percussion Sui (58!-618) and Tang (618-907) dynasties, instruments such as he five-stringed pipa, the curved-necked pipa, the konghou (anancient lute with twenty-three strings), and bili (an ancient flute) ere used extensively throughout the Qiuci region and became opular in the Central Plains as the music of the Western Region pread there. Modern Uygur folk instruments developed from these ncient instruments and were also influenced by Chinese and foreign usical instruments. There are dozens of different types of stringed, ind and instruments, the most important being the Dtar, tanbor, yangqin, ejek, rewap (a six-stringed lute), shatar, suona, balaman, bamboo pipe and dap (a hand-drum)i At perform- Dances of Uygur music, one can always hear the soft, clear chords of the dutar and rewap and the lively throbbing of the dap.The Kazaks are also renowned music
lovers, and a common saying holds that "a good horse and a song are the wings of the Kazaks." The modes and musical forms of Kazak folksongs are not complex. Melodies are succinct and sprightly. Songs often have a calling tone, and sometimes they are gracefully melodious and narrative in nature with frequent changes of rhythm. They are usually accompanied by the dombira


(a two-stringed lute), the kobuz and the sibuzgi (a vertical flute with four finger-holes). The music of the Kazaks was born on the beautiful grasslands, and adds luster to pastoral life. Wherever the herds and yurts of the Kazaks are to be found, Kazak songs and lutes will be heard. Each year in late spring, when the work of moving the herds to new pastureland has been completed, the Kazaks hold the aken (folksingers') songfest. Singers and poets gather together from all
over the grasslands to show their talents, and a wealth of new folksongs are born. Kirgiz folksongs are similarly imbued with the flavor of the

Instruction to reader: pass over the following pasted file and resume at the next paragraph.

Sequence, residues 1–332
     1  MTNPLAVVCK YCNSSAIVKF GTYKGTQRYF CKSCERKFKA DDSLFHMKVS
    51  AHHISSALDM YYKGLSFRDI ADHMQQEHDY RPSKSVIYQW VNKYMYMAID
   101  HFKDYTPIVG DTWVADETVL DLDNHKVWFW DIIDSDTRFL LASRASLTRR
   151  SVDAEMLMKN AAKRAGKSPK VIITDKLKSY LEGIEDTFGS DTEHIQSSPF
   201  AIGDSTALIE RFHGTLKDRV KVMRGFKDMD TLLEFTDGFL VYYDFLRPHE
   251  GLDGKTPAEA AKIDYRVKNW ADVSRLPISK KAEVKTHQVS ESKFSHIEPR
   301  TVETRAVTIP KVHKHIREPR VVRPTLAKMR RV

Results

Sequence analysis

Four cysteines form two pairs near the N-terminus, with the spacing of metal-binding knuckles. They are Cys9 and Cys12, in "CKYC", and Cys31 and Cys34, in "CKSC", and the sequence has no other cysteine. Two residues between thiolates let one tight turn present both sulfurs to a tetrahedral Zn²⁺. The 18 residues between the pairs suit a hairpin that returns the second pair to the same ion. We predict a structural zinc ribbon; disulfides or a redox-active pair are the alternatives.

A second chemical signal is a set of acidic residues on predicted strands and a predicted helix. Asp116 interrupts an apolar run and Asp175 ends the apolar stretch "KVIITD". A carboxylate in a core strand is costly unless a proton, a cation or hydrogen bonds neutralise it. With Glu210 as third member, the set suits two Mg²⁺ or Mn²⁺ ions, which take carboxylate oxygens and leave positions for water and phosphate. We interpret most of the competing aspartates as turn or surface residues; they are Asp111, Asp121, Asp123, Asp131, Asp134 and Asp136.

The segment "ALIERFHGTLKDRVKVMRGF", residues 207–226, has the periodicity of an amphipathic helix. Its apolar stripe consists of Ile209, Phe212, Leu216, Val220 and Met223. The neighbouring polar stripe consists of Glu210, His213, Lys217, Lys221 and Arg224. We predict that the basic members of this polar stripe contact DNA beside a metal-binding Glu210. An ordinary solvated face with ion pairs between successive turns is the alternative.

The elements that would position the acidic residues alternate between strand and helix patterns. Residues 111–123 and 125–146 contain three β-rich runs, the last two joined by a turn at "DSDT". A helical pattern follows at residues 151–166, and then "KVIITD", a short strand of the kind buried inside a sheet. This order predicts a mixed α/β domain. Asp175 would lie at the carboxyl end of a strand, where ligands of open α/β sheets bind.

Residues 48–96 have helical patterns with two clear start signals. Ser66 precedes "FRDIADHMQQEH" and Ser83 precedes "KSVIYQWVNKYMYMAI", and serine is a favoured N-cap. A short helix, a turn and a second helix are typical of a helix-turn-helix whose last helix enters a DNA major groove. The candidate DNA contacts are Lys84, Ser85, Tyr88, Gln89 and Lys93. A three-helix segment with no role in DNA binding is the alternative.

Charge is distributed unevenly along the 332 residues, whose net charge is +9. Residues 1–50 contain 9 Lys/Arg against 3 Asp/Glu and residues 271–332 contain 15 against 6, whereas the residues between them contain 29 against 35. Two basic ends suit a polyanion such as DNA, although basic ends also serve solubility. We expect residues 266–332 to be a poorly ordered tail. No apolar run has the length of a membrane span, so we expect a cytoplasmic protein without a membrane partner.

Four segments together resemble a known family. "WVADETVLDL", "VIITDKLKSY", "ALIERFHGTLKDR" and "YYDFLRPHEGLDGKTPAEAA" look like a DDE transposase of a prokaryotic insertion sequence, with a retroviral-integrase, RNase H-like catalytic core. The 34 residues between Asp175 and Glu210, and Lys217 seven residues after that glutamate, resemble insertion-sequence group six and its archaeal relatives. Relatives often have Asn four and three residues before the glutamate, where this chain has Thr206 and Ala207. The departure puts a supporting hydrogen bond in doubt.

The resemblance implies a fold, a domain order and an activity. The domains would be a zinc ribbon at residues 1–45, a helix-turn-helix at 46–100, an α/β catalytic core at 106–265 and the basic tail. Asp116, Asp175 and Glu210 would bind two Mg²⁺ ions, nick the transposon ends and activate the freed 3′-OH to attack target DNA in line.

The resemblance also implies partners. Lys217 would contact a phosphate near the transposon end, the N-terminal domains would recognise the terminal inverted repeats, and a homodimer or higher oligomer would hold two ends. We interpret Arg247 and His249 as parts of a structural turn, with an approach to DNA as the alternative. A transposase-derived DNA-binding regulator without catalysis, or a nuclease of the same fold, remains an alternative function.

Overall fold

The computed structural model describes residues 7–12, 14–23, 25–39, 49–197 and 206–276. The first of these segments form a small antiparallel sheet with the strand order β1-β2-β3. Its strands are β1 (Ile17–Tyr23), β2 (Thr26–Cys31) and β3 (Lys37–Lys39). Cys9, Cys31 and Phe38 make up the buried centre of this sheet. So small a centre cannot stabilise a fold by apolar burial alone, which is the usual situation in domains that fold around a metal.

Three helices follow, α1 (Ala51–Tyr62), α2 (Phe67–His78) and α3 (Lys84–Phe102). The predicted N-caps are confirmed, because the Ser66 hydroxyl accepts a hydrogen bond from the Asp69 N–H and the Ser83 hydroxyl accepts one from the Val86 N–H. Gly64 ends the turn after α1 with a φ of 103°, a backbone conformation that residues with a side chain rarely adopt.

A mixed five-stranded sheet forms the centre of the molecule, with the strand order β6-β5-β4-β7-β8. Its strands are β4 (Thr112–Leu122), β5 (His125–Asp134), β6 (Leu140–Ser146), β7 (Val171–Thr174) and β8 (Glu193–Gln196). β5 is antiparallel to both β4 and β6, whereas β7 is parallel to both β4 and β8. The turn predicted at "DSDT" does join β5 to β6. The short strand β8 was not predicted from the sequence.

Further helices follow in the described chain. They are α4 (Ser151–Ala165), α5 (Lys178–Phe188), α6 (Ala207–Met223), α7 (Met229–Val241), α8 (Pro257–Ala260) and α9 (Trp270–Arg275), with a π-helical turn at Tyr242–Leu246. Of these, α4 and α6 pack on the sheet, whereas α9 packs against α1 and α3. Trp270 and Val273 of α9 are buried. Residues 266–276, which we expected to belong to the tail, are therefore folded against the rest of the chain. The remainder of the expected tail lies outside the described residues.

grasslands. Tunes and lyrics are mostly created at the aken song fest, then refined before they are popularized across the land. Folksongs are generally either herding songs, narrative songs or songs of local customs. The Kirgiz like to accompany their singing with a three- stringed lute, the komuz,
unique to their nationality. Its rich harmonious chords blend with the sprightly tunes and free rhythms of Kirgiz songs to create a music with its own unique
charm. Songs of the Mongolian nationality of Xinjiang are mostly herding songs with a freely changing beat. Tunes in major keys predominate, supplemented by those in minor keys. Songs in major keys are resonant and melodious with free rhythms and frequently occurring intervals of as much as ten tones. Local characteristics dominate and these songs vary markedly from region to region with no interregional popularization. Songs in minor keys have a fixed metre,
are structurally compact and have smooth flowing melodies. There are no marked differences. Favorite instruments of the Mongolians of Xinjiang are the matouqin, the sihu, the sanxian or three-stringed lute and the topshur.

Since migrating to Xinjiang from northeastern China in the mid-eighteenth century, the Xibe and Daur peoples have preserved the ancient folk music of their own nationalities. The Xibe folksong Song of the Open Countryside (also known as Song of the 'Streets), for example, preserves the herding song calls characteristic of the northern national minorities. Daur folk music is similar to that of the Mongolian nationality, but the melodies and the structure of songs
are of a style unique to the Daur people.The folksongs of the Tajiks
gain their charm from the untram- meled enthusiasm that imbues the music of this mountain people. On'the Pamir plateau, Tajik herdsmen often sing their melodious tunes in chorus to the accompaniment of the nay (a short flute),
hand-drum, and the rewap.

Tatar folksongs are renowned for their relaxed
rhythm and rich lyricism. The widespread use of the accordion, mandolin and guitar as accompanying instruments further enriches the emotional flavor of this nationality's songs. The Tatar folksongs Balamiskin and The White Swan Shakes Its Wings with their skipping, swaying melodies have become popular with young people of all nationalities.Besides these, the Hui, Uzbek and Russian
minorities all have their own rich and beautiful national music that contribute their own' brilliance to the treasury of Chinese arts. Since liberation, traditional music of the national minorities has continued to develop. Folksongs are being arranged, published and widely popularized. New folk- songs reflecting the new era have appeared in large numbers, and many traditional and newly-created songs have become known andappreciated throughout the world. A new generation of composers and singers who have received special musical training have already come to maturity, and they bring new life to the ancient music of Xinjiang's national minorities.